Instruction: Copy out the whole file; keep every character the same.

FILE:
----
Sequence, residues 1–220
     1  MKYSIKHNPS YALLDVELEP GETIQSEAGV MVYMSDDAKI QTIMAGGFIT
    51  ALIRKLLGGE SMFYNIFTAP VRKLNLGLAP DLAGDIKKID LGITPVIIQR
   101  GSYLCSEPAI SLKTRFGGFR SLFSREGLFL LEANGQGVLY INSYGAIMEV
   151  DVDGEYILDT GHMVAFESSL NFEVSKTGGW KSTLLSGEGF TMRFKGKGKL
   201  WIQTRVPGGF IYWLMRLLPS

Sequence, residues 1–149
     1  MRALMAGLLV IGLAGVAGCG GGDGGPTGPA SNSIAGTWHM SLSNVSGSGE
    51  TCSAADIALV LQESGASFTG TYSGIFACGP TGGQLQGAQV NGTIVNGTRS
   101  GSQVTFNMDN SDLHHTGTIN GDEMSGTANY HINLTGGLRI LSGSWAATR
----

Sequence, residues 1–220
     1  MKYSIKHNPS YALLDVELEP GETIQSEAGV MVYMSDDAKI QTIMAGGFIT
    51  ALIRKLLGGE SMFYNIFTAP VRKLNLGLAP DLAGDIKKID LGITPVIIQR
   101  GSYLCSEPAI SLKTRFGGFR SLFSREGLFL LEANGQGVLY INSYGAIMEV
   151  DVDGEYILDT GHMVAFESSL NFEVSKTGGW KSTLLSGEGF TMRFKGKGKL
   201  WIQTRVPGGF IYWLMRLLPS

Sequence, residues 1–149
     1  MRALMAGLLV IGLAGVAGCG GGDGGPTGPA SNSIAGTWHM SLSNVSGSGE
    51  TCSAADIALV LQESGASFTG TYSGIFACGP TGGQLQGAQV NGTIVNGTRS
   101  GSQVTFNMDN SDLHHTGTIN GDEMSGTANY HINLTGGLRI LSGSWAATR